BY JOE BARTEL
Hypocritical. That’s what this is. The Philadelphia Eagles’ release of DeSean Jackson was and still continues to be one of the worst two-faced decisions made by a professional ball club in the 21st century. His release was a slap in the face of every educated sports fan in America.
The reasons behind the release, at least on the surface, seemed reasonable. Even though Jackson was coming off one of the best seasons as a professional, posting career numbers in yards (1332), receptions (82) and touchdowns (9) he still held an enormous $10.7 million cap number for next year. He was a known locker room disaster in Philadelphia and a me-first player. He was, in essence, a less skilled, less demonstrative Terrell Owens in his prime. In fact those reasons for Jackson’s release are not uncommon in the NFL. What is uncommon was the information “discovered” two hours before the Eagles announced the release of Jackson.
It was reported by a variety of news sources including NJ.com, ESPN and TMZ that some of DeSean Jackson’s associates were linked to multiple gang-related murders from 2010-2012. And when I say multiple, I mean two. Of course this story is an immediate red flag because of the former New England Patriots tight end who is implicated in multiple gang related murders. You might be asking how these news sources uncovered this scandalous story. It was reported that Jackson “may” have flashed a gang sign, which was then tied together with his record label name “Jaccpot Records” which could be loosely translated to an allegation to the Crips gang. Count me as one of the many people in America that has no idea how those two things can be correlated together. It all seems like a fabrication to me.
So let me join the credible news organizations and create my own speculation. Is it just coincidence that the Eagles decided to release Jackson two hours after his alleged gang affiliation was reported? Or did the Philadelphia Eagles have something to do with the leaked information? I wouldn’t be surprised if they did. Although not mentioned in the two sentence statement released by Eagles officials regarding the Jackson release, his potential gang affiliation was reported by Adam Schefter as one of the main reasons for the terminated contract. This was discussed, debated and twisted by every talking sports head in America. All because of some “supposed” links to a gang? I, by no means, have all the information, but neither does anyone else, and frankly it makes me irritated.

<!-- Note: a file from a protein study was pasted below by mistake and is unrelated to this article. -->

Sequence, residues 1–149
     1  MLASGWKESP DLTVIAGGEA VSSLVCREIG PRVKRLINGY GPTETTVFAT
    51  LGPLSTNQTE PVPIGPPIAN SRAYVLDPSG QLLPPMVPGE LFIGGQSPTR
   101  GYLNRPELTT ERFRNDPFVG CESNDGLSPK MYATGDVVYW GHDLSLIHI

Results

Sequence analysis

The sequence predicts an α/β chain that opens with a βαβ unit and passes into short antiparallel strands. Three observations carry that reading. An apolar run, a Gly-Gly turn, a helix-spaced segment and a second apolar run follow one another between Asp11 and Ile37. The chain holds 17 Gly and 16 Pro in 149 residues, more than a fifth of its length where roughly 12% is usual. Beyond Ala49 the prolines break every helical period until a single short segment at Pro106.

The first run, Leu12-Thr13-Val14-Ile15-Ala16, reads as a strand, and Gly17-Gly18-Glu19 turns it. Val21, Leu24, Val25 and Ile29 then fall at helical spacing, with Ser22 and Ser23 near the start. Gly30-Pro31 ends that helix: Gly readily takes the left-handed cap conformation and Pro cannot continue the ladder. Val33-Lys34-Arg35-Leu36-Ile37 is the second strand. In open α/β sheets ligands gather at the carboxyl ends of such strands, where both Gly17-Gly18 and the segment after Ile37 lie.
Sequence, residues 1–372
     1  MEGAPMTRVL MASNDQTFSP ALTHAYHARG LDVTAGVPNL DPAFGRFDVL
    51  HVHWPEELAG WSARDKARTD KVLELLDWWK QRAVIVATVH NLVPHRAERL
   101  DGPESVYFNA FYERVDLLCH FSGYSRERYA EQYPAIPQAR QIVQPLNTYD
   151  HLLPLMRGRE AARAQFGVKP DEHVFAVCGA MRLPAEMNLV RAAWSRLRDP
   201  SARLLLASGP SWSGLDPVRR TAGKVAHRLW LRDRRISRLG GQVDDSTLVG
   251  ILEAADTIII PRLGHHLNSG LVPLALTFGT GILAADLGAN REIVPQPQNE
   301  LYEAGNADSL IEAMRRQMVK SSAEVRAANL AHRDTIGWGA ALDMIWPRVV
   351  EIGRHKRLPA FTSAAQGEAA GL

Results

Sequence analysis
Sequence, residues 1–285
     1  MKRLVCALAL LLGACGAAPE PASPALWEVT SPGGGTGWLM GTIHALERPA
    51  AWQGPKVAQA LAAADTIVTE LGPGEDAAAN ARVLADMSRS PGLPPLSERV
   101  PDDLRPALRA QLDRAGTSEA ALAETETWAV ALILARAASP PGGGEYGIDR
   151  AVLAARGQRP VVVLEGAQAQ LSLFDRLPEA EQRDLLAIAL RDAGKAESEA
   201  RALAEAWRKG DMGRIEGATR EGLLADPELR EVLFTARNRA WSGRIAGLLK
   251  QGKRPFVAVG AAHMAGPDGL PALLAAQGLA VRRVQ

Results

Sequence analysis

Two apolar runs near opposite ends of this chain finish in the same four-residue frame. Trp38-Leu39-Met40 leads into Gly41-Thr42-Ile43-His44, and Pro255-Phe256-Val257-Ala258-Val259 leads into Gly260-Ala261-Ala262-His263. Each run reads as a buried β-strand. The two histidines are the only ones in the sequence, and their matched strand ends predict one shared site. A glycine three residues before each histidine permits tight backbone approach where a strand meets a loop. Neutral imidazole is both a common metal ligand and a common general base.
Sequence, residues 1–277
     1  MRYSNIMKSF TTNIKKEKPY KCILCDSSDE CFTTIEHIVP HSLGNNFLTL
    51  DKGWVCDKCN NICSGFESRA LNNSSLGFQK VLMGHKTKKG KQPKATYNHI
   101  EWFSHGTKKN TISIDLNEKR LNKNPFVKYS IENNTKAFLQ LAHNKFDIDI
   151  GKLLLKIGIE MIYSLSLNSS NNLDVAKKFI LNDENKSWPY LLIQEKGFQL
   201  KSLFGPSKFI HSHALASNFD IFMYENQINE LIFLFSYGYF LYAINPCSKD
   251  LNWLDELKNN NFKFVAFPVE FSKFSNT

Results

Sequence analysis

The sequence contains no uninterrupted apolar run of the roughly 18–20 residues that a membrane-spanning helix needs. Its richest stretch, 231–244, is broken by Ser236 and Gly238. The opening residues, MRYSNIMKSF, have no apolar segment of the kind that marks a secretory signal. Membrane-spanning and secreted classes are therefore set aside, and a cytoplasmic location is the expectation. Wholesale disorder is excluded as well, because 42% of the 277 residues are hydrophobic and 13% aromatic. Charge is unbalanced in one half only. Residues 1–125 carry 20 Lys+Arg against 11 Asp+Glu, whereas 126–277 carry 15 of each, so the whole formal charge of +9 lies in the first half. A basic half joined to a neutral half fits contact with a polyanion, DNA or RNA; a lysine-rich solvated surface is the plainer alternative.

You know what’s worse? The Eagles re-signed Riley Cooper, the infamous receiver who once was filmed dropping the N-bomb at a concert, which prompted immense criticism from his teammates. Everyone makes mistakes, even professional football players. I don’t want to harp on Cooper any more than I have to. But if the Eagles released Jackson because of his bad attitude and possible gang affiliations, as the “experts” have suggested, how in the world is it acceptable for them to re-sign Cooper, who caused a two month soap opera in the Eagles locker room with his documented use of the N-word. It just doesn’t make sense to me.
So here is my plea. At the end of the day, I know every decision made by the NFL is a financial one. Riley Cooper was a cheaper option who didn’t piss off his coach. Fine. So why do the Eagles only release a two sentence statement regarding the release of Jackson? Why not be truthful and admit the only reason the Eagles cut Jackson was because of his large salary hit? But then again, why would any professional sports organization ever be honest. Fans, including myself, put their heart and soul into their favorite franchise and are expected to sift through the lies and see the truth for themselves. It’s just not fair. But I know that’s not the kind of world that we live in now. For better or worse, deceit is ingrained in our culture. The only thing we can do, as people, is realize the lies that are trying to be fed to us and come up with our own narrative, our own version of the story. At least that way we won’t be manipulated by anyone but our own imagination.